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First founded in 1867, the town of Aubrey in North Texas was home to few families in its early beginnings. The newly settled town looked to make a living primarily on cotton and a variety of other crops and livestock. However, their cash crop of cotton which began as early as the settlement in 1867, began to sell for significantly less. As a result, the community replaced cotton with peanuts as their main cash crop. As part of this change, the first peanut dryer was built in order to get the town back on their feet. Today the very first dryer still stands as well as the upgraded dryer which was built in 1960, both located in their original location.


  • The three story peanut dryer displayed to the left was built in 1960 and would stay in business up to the early 1980s.
  • Pictured here is the original peanut dryer built in the early 1930s.  This building still stands today with its original signs.

The events and conditions which lead the community to such a pivotal decision was due to cotton’s prices continually decreasing at a dramatic rate.1 In 1930, the price of cotton fell from eighteen cents to below ten cents a pound.2 Such a transition was risky to the community considering the atmosphere of the peanut dryer is crucial to the process of drying the peanuts. Luckily the moisture in the air and the mild climate was just right for the function of the dryer.3  The process of peanut drying is very meticulous as it must be watched carefully and performed exactly right so it does not result in under dried or over dried peanuts. For these reasons, it was so important to maintain the dryer properly in order for them to continue to rely on its product.

Because of its continued success in the city, the demand for peanuts in the area continued to grow for the next 20 years.  In order to keep up with the demands a more efficient and bigger dryer was needed.  It is believed that the three-story peanut dryer was built in the 1960’s in order to serve the massive peanut trade beginning way back in the 1930’s.  Today the peanut dryer still stands, across from downtown and located right off the railroad tracks which run straight through the heart of Aubrey.  Also located next to the original dryer which also still stands along with the signs on the side of the building.  The location of both dryers so close to each other and the tracks is most likely due to easy transportation of the peanuts.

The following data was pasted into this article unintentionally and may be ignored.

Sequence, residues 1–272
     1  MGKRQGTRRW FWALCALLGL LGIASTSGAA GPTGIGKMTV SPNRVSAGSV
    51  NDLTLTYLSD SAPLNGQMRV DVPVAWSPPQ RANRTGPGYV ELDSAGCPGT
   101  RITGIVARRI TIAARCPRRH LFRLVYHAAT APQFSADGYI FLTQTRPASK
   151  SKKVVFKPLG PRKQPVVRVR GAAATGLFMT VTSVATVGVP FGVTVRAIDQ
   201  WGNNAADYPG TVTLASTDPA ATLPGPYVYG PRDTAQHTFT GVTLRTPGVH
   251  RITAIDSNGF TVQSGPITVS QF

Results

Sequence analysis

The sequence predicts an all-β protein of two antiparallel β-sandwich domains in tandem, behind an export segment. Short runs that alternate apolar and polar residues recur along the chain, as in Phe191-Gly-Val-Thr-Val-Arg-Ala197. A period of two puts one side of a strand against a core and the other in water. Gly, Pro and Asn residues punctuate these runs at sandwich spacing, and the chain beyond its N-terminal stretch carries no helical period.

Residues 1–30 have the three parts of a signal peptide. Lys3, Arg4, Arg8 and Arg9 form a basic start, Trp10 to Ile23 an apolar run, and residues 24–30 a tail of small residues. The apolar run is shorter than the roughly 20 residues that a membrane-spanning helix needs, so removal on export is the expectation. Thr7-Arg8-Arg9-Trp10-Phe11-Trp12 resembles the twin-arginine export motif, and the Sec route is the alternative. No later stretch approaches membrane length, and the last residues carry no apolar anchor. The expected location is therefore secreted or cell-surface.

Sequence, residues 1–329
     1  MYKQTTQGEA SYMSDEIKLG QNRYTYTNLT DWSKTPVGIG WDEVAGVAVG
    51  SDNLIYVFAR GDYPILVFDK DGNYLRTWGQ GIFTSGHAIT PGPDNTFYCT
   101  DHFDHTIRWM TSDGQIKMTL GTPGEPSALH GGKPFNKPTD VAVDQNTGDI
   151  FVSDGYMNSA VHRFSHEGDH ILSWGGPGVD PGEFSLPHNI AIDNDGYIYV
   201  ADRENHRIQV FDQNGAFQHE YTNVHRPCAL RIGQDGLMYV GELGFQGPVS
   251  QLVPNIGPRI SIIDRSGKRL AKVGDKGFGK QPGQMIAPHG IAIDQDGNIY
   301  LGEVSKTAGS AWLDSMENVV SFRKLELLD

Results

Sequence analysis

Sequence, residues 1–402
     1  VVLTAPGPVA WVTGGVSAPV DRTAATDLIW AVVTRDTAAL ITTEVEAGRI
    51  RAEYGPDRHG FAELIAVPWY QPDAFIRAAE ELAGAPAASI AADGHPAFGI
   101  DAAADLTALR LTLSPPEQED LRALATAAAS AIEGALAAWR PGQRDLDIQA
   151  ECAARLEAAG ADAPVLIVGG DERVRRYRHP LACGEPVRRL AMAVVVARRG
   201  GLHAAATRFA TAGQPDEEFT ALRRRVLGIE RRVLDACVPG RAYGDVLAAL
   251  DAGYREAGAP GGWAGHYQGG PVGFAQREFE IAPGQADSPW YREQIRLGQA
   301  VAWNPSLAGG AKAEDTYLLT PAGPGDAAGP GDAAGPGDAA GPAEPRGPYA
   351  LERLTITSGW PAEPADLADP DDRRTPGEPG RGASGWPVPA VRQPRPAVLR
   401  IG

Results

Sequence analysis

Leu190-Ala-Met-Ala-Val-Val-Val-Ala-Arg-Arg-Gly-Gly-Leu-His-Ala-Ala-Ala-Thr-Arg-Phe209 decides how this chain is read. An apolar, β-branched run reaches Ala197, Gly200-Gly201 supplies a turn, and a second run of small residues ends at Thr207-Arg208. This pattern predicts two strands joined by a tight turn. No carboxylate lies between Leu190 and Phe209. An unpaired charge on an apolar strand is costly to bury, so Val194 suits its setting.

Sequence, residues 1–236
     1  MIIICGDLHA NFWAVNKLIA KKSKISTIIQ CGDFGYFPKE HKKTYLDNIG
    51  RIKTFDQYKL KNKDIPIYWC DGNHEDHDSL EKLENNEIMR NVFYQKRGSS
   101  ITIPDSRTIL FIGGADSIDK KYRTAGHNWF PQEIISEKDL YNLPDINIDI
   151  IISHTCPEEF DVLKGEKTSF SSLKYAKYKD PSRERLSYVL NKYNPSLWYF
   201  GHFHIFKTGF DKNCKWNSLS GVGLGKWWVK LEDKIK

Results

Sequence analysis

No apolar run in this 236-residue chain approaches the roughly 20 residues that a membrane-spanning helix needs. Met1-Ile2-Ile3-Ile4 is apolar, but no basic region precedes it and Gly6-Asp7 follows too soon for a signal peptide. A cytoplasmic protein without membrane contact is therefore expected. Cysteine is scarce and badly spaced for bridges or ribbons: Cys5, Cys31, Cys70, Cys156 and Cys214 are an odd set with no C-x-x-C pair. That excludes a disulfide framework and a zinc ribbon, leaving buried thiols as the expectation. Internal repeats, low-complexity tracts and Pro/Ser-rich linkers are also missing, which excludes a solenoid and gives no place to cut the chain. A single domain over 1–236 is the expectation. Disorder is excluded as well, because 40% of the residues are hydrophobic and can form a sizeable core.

The U.S. Census of Agriculture recorded that in 1992, nearly 4,000 acres of peanuts were planted. Towards the 1980’s peanuts were a huge contributor contributing approximately 3,000 tons of peanuts to be dried in the peanut dryer.  And although today, the industry has come to a halt, a local festival is held in the beginning of October each year in order to celebrate the early success of the crop and the city.4 

This tradition of celebrating the peanut as the cash crop dates back to 1986.5 Nowadays, the festival is held in downtown Aubrey, across from the peanut dryer, where the people can view it while partaking in the many events held.  Many of the events include peanut-based games such as the peanut-spitting contest, where contestants compete to spit peanuts the furthest.  In a way, this is the main event of the festival as it takes place towards the end and many people attend.  A reflection of the continuing importance of the peanut industry to the town, this festival is so large that the entire city of Aubrey shuts down in order to celebrate.6  

 

1.     KABeautiful, Aubrey Peanut Festival, September 24, 2013

    4. http://keepaubreybeautiful.org/aubrey-peanut-festival/

    5. http://keepaubreybeautiful.org/aubrey-peanut-festival/

    6. http://keepaubreybeautiful.org/aubrey-peanut-festival/

2.     Jackie Balthrop Fuller, Handbook of Texas Online,  AUBREY, TX, published June 9th, 2010

     1.  https://tshaonline.org/handbook/online/articles/hla28 

3.     Harmon, Joyce, History of Aubrey, Texas, printed in October 2012.

     2. https://dentoncountyhistoryandculture.wordpress.com/2017/09/01/aubrey-150-years-of-history/

     3. https://dentoncountyhistoryandculture.wordpress.com/2017/09/01/aubrey-150-years-of-history/

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